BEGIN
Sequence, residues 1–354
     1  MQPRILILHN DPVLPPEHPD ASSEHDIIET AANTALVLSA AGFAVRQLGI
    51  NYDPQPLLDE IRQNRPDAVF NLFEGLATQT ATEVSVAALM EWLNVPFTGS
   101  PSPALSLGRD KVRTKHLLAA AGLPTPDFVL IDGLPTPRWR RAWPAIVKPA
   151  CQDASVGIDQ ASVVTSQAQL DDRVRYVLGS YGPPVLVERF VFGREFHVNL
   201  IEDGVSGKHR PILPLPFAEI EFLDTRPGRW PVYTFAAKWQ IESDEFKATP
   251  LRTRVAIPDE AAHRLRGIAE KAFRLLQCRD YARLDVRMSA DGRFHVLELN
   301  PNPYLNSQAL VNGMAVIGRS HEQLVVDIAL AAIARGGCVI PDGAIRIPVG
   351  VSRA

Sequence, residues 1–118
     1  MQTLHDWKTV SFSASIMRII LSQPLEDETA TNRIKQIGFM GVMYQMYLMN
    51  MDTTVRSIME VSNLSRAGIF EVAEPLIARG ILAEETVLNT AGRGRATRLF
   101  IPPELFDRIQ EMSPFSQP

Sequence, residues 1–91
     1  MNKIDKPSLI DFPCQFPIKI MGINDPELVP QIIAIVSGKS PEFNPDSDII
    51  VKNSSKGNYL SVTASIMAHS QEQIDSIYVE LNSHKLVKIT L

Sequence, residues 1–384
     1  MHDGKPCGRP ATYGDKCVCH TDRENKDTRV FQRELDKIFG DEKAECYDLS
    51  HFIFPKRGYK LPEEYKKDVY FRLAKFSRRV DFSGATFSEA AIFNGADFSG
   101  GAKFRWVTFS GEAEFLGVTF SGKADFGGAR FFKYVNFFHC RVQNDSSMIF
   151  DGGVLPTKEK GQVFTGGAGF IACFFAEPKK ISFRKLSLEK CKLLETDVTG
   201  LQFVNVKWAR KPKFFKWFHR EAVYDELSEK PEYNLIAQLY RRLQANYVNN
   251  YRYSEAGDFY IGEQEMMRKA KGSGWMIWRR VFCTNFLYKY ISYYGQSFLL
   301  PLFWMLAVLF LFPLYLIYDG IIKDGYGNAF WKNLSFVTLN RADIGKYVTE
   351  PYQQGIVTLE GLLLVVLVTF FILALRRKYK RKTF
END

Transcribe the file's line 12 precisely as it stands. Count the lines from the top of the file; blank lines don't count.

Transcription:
    51  MDTTVRSIME VSNLSRAGIF EVAEPLIARG ILAEETVLNT AGRGRATRLF